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Red Tails: An Epic Tale of Patriotism and Courage

 

Red Tails Poster

I went to see Red Tails yesterday with my Dad. He asked about movie times and where it was playing so I know that was my cue to be a good daughter and take him. After being married 58 years, Dad still misses my Mom who transitioned almost two years ago.  Whenever he wants to do something or go somewhere I try to oblige him. 

I don’t like going out to the movies. First of all, there are no theaters in my neighborhood so anywhere I go requires at least a 10 or 15 minute drive. Then there’s the parking, expensive admission and way overpriced food at the concession stand.  Not to mention the fact that I usually have lots to do and going to the movies takes a real big chunk out of my day.

Anyhoo, we saw the movie at the Aventura AMC24. We arrived just in time for the previews to start. My Dad had not been to a movie theater in at least 25 years. He said the previews were too long. The movie showtime was scheduled for 4:15 p.m. and that’s the time he expected it to start. The movie started at 4:30.

The opening scenes of the movie explicitly indicate the movie is ‘inspired’ by true events. If you expect a documentary about the Tuskegee Airmen, this is not the movie for you. Does it touch upon the racism the men of the 332nd Fighter Group and the 477th Bombardment Group of the U.S. Army Air Corps endured? Yes, it does. It also highlights the assumptions of intellectual inferiority of the black pilots and their relegation assignments that did not have any impact on the War.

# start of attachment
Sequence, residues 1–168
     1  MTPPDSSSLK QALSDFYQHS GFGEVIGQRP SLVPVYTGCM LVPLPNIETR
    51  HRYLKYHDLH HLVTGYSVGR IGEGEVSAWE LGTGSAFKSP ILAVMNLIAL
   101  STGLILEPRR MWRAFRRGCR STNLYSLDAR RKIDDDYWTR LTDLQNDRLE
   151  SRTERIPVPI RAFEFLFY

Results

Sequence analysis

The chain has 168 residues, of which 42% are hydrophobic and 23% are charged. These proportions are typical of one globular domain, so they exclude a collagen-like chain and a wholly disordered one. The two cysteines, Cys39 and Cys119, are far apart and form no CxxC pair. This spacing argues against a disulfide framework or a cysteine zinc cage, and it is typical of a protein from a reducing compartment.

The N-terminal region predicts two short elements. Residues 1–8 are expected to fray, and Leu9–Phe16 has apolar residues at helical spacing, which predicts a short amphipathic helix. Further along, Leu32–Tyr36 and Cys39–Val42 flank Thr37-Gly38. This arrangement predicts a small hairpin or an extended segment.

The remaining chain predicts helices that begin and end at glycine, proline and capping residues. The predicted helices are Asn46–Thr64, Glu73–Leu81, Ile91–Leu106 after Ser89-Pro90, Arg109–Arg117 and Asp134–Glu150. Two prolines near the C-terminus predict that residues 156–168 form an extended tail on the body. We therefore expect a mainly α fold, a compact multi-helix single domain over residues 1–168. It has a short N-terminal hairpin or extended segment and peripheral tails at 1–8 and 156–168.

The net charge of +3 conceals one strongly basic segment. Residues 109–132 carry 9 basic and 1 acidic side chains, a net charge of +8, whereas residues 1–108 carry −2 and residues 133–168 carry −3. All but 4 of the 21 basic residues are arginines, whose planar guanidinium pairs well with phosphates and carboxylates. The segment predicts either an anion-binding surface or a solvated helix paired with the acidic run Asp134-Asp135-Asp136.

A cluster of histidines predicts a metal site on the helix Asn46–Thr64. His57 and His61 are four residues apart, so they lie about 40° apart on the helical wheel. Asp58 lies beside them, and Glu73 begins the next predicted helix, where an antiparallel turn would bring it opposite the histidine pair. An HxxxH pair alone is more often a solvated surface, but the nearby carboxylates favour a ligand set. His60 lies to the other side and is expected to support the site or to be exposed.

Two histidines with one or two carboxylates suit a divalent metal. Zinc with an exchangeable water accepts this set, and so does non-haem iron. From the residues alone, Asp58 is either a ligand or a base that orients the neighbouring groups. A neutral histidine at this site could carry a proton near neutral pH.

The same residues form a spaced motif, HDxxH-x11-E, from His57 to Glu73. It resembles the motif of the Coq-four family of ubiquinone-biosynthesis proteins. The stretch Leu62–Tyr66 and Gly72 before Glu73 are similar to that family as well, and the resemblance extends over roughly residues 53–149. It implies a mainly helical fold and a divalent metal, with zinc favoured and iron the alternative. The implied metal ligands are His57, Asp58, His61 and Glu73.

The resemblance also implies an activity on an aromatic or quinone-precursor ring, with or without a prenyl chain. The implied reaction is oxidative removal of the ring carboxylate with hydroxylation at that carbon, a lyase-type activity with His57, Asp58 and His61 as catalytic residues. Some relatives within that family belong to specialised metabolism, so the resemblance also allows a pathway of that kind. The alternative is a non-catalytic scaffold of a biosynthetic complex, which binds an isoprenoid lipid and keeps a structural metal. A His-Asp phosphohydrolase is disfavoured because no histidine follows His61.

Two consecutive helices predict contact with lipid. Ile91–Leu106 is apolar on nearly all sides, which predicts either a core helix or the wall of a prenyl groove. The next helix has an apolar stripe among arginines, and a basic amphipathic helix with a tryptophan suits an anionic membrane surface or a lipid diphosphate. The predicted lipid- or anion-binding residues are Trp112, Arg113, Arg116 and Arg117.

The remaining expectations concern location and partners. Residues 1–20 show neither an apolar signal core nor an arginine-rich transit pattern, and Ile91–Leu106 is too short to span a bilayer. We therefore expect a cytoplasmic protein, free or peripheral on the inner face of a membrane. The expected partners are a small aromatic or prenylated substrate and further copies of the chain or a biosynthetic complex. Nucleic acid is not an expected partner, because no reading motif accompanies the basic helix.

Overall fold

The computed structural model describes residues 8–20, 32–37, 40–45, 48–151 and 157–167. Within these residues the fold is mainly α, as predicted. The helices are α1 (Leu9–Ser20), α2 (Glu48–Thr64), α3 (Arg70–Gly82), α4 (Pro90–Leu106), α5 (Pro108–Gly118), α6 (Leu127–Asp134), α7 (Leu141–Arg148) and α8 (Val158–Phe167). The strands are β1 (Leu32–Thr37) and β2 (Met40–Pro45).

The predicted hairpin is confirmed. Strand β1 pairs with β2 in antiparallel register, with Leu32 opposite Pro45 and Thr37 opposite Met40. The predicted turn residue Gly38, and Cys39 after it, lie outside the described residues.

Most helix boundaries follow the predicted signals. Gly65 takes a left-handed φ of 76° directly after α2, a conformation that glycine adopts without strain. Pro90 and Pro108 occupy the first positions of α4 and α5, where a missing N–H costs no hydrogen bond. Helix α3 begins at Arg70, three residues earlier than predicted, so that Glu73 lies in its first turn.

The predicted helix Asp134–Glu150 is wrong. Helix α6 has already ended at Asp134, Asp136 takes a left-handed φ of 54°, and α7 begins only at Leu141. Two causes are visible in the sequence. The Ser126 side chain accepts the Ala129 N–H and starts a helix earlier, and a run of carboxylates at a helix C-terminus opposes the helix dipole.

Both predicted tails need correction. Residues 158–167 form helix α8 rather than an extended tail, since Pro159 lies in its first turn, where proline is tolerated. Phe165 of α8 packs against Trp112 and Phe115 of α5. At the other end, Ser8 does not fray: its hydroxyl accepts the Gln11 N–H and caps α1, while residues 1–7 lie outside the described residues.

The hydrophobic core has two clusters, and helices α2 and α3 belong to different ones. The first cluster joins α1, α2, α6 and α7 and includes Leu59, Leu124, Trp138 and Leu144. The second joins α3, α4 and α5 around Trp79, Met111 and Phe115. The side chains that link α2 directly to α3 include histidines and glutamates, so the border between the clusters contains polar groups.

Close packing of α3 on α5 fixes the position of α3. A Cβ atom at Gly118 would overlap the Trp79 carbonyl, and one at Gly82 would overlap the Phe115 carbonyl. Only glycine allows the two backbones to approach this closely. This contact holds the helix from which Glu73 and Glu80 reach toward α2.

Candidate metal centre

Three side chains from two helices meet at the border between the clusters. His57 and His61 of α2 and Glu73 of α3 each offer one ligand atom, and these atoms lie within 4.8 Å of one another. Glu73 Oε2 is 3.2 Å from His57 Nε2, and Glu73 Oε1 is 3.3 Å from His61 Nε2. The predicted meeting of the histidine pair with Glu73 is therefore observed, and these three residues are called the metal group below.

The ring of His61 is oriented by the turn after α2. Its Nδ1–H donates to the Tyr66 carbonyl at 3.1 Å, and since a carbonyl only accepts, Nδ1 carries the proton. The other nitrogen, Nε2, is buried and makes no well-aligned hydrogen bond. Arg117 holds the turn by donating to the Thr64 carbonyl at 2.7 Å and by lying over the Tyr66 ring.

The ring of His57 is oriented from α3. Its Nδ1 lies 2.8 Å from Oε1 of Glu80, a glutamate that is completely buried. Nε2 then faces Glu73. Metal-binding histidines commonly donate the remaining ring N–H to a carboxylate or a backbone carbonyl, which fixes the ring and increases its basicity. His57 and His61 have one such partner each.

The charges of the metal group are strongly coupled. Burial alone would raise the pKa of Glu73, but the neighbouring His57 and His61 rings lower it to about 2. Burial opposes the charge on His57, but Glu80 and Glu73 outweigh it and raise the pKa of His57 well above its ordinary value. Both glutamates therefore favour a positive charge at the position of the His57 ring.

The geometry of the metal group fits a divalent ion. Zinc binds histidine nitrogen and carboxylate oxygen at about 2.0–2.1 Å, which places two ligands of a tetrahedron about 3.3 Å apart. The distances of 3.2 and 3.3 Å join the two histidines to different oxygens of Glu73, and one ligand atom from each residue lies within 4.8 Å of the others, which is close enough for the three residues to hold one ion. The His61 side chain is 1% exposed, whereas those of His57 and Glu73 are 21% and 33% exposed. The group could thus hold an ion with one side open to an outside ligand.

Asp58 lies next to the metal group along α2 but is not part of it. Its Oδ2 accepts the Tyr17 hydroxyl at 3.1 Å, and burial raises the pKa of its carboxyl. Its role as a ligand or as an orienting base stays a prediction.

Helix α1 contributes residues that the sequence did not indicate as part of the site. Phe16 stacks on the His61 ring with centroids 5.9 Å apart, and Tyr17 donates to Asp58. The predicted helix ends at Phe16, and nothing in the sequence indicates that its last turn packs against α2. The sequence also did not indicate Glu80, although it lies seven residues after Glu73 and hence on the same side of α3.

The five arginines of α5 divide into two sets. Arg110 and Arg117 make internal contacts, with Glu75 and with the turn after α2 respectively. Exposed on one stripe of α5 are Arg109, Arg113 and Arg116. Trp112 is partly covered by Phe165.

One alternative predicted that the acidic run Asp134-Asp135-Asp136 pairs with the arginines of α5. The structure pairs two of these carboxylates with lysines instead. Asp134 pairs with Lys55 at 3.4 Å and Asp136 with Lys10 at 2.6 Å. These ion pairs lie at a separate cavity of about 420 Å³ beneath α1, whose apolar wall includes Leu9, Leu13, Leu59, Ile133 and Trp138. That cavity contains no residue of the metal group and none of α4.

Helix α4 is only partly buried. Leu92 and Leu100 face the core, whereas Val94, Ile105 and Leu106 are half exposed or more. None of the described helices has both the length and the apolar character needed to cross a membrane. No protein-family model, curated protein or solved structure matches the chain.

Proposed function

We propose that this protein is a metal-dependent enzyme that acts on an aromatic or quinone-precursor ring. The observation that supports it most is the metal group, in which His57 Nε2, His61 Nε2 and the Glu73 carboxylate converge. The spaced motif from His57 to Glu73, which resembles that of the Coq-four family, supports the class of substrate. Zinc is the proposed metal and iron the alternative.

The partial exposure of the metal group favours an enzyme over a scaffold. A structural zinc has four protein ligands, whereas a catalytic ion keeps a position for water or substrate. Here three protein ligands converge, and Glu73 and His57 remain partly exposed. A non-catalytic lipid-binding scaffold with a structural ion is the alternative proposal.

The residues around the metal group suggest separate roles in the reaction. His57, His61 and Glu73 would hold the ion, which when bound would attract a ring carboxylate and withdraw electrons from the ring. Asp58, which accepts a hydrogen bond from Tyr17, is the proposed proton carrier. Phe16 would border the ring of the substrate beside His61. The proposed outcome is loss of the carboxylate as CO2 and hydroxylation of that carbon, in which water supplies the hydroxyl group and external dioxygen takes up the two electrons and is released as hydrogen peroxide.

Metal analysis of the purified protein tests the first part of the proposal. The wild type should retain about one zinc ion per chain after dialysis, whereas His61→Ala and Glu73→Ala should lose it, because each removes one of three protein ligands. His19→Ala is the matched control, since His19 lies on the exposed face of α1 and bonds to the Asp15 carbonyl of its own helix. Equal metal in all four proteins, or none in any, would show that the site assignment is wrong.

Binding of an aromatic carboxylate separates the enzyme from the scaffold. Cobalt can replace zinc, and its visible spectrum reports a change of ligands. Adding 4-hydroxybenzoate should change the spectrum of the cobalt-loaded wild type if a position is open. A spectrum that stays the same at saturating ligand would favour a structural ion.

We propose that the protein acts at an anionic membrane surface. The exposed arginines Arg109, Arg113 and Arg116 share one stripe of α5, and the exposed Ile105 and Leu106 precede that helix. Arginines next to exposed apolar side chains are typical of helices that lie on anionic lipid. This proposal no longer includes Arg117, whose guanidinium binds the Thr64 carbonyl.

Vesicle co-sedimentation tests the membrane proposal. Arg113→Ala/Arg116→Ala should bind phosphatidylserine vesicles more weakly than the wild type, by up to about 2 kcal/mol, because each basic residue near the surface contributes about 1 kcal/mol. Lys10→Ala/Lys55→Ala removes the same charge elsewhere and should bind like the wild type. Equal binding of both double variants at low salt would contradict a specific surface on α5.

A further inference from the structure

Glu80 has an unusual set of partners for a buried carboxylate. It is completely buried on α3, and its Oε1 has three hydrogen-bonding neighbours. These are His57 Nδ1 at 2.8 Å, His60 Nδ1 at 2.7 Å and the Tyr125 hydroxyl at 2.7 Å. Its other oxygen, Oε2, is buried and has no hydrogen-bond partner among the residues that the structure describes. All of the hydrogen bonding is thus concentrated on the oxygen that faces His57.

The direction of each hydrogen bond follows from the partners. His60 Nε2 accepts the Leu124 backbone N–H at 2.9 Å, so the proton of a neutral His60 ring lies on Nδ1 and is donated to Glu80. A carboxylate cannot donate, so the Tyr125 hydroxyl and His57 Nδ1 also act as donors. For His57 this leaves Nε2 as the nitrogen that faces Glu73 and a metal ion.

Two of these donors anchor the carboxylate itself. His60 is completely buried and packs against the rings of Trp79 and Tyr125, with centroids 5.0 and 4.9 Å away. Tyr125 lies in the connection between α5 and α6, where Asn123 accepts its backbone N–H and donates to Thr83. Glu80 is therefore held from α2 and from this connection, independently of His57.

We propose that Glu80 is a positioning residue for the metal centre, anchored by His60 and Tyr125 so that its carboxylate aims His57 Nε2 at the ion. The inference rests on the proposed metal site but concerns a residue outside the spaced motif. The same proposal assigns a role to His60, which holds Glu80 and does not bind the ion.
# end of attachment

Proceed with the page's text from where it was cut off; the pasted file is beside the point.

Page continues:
This movie is also entertaining if you enjoy the rock ‘em sock’em shoot’em up special effects producer George Lucas is known for in his Star Wars and Indiana Jones movies. There are portions of the movie that are predictable and others that are not. The character development of the men was good but could have been a little more in-depth. The relationship between Joe and Sofia was a tad clumsy but a contrast to the fighting and racism. 

I highly recommend this movie. Kudos to George Lucas and to director Anthony Hemingway for a movie that will be remembered for a long time. My deep appreciation to the Tuskegee Airmen for the obstacles they overcame and the lives they saved. There are a few Tuskegee Airmen still alive today. If you know them or they live in your community, please say thank you.

In spite of the cost of the afternoon — admission ($29.00), concession ($24.78) and valet parking ($11), I would have spent twice that to see my Dad smile and have him talk about the Tuskegee Airmen and his military experience for the rest of the evening. 

Go see ‘Red Tails’ and make it a family outing.

 

 

 

Related Links:

Tuskegee Airmen

Tuskegee Airmen, Inc.

 

 

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